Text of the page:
GN3 Editorial Comment:
Culture is the realm of ideas values, worldviews,
identity, ethics, art, and spirituality among
others. This is the realm of civil society and
cultural power in contradistinction to the
political power of government and the economic
power of business. The autonomous interaction of
these three institutions in pursuit of integral
sustainable development constitutes threefolding.
In the article below, the author points to the
rise of civil society in the U.S. context as an
answer to the "values-vacuum" created by narrow
pursuit of economic and political power especially
corporate-driven globalization and U.S.
unilateralism—a development with the power to
transform social life.
NEWTON, MASS. – How will
current US social and political trends - amid the
rise of the right - affect the world in the
decades ahead? Surprisingly, some sociologists say
that they augur for curbing the excesses of
national power and capitalist markets while
strengthening the UN and other forms of global
Though it sounds
counterintuitive in an age of corporate
globalization and US unilateralism, there is
evidence of powerful social forces stirring that
could do just that.
These are the forces of
civil society - community groups, trade
associations, labor unions, churches, and other
voluntary associations in the nonprofit sector.
Some sociologists who study them say they will
broaden social consensus at home, and global
governance abroad. The argument goes something
Civil society carries the
core values on which America was founded and on
which civic-minded liberals and conservatives
agree: democracy, honesty, fairness, transparency,
safeguarding public health and security, etc.
When these values conflict
with the bottom line or maintenance of power,
corporations and government may jettison them.
This leaves a values-vacuum that generates
polarized, often futile politics along pro- vs.
anti-corporate and pro- vs. anti-nationalism fault
lines, leaving people feeling stymied and cynical.
But into the breach leap the
forces of civil society, by which citizens
reengage with issues. They bridge left-right
impasses, appealing directly to core values, to
doing the right thing regardless of profitability,
political power, or ideological stereotypes.
Not only liberals embrace
environmentalism or alternative energy - witness
conservatives from Western states who oppose
coal-bed methane or conservative columnists who
support a gas tax. Not only conservatives want
more jobs, fundamental tax reform, and smaller
government - witness bipartisan support for
cutting payroll taxes.
Many burning domestic and
global issues are not "left-right" but
"right-wrong" issues transcending party lines.
Civil society, not politics or business, is
increasingly where citizens engage them. With the
unprecedented expansion and wealth transfer in the
US and globally, civil society increasingly
impacts markets and policymaking, evolving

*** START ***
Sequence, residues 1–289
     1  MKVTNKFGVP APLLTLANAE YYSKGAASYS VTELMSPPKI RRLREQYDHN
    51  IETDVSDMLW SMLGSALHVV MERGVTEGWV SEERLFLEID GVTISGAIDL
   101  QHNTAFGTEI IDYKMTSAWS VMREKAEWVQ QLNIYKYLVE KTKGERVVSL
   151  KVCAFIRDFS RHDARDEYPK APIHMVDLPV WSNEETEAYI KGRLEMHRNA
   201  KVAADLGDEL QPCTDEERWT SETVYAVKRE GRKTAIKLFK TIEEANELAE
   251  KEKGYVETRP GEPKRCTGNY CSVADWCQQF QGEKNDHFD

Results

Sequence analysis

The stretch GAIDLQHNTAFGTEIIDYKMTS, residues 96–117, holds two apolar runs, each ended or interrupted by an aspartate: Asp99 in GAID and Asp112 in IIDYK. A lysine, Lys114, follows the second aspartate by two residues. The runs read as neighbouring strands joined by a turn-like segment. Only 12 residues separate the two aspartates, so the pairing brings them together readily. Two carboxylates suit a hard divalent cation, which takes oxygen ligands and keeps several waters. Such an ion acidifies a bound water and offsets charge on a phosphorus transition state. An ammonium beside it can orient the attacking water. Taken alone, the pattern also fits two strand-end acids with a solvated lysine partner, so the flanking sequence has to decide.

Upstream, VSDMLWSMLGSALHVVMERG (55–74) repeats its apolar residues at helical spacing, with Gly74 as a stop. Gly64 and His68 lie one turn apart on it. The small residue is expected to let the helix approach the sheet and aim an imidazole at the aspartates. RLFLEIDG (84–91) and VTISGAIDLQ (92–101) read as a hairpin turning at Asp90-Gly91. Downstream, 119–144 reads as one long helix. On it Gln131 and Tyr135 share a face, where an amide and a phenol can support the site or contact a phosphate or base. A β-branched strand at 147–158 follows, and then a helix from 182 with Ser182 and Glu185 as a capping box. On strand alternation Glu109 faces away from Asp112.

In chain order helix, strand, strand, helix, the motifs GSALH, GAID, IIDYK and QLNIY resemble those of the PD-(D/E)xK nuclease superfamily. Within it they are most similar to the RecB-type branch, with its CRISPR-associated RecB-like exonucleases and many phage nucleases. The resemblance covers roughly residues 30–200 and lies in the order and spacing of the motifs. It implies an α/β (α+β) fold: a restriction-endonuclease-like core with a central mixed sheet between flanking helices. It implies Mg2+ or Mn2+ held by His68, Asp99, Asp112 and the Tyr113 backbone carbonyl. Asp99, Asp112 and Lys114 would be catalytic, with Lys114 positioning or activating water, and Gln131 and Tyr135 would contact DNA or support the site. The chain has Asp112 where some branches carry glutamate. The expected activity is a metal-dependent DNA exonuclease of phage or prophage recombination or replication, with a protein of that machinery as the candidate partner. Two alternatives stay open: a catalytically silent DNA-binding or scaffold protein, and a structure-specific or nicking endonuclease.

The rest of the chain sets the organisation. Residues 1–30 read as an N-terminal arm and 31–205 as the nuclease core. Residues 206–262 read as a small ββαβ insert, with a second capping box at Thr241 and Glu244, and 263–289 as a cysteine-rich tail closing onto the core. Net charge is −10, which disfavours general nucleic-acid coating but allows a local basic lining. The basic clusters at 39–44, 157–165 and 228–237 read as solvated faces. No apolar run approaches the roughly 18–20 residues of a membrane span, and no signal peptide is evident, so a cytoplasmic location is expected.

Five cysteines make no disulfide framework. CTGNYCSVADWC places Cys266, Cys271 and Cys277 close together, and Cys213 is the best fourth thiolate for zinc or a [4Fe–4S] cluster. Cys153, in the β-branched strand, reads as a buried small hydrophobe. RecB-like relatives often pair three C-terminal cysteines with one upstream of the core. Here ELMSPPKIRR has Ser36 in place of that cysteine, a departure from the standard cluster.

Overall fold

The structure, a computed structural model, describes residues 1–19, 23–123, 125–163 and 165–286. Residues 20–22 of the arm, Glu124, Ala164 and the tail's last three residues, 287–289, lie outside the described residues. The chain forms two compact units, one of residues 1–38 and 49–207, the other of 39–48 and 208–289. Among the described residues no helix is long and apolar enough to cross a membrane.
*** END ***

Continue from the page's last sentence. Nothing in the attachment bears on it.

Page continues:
voluntary and transnational systems of governance
that may someday alter our ideas of trade and
national sovereignty themselves.
In fact, alterations are
already under way. Big corporations support
voluntary standards such as the CERES
environmental principles. The nonprofit Joint
Commission on Accreditation of Healthcare
Organizations sets and monitors standards of
for-profit healthcare. The UN actively supports
collaboration between global business and civil
society, and even encourages NGOs to mediate
Granted, such UN initiatives
may find dubious reception in Washington. Still,
many Republicans as well as Democrats support the
UN's vital global governance role. Though
President Bush isn't expected to champion these
kinds of issues at the 2005 world summit, going on
this week in New York, elsewhere Bush officials do
embrace the idea.
"Civil society participation
makes democracies more pluralistic,
representative, and responsive," USAID Assistant
Administrator Adolfo Franco said recently at a
conference on combating corruption. "The challenge
for governments is to avoid immediately casting
civil society aside as the opposition, and instead
recognize that a sophisticated civil society can
be an ally and partner of government."
The fascinating question is
how the US will deal with this challenge as civil
society grows. Will we stonewall it, or support
its development? With oil prices high, the dollar
low, federal and trade deficits ballooning, China
ascendant, outsourcing rampant, terrorist
recruitment a growing concern, and majorities
throughout Western Europe and Canada criticizing
US policy, how far can the US pursue unilateralism
and globalization against a growing current of
global opinion civil society development, and its
A new Pew Global Attitudes
poll already shows the US viewed less favorably by
the world than most other countries including
China. In countries traditionally partnering with
America, 59 percent view us negatively, while at
home 57 percent of us are dissatisfied with
Sooner or later - some
sociologists believe it will be in the coming
decades - we must come to terms with the broad,
popular hunger for a social order that places core
values above economic and political dictates of
the bottom line. Through voluntary and
transnational structures such as those the UN now
advocates, the forces of civil society will
transcend left-right divides and gain clout in
markets and governments, including ours.
• Severyn T. Bruyn is the
author of 'A Civil Republic: Beyond Capitalism and
Nationalism' (Kumarian Press, 2005).